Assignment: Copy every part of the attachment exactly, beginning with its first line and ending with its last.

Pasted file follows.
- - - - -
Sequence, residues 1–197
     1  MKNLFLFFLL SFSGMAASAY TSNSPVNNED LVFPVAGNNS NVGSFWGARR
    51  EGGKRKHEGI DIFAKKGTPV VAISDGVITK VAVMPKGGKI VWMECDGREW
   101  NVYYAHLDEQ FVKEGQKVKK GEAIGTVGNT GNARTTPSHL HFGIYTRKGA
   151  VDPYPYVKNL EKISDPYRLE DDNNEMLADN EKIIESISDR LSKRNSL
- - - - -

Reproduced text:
Sequence, residues 1–197
     1  MKNLFLFFLL SFSGMAASAY TSNSPVNNED LVFPVAGNNS NVGSFWGARR
    51  EGGKRKHEGI DIFAKKGTPV VAISDGVITK VAVMPKGGKI VWMECDGREW
   101  NVYYAHLDEQ FVKEGQKVKK GEAIGTVGNT GNARTTPSHL HFGIYTRKGA
   151  VDPYPYVKNL EKISDPYRLE DDNNEMLADN EKIIESISDR LSKRNSL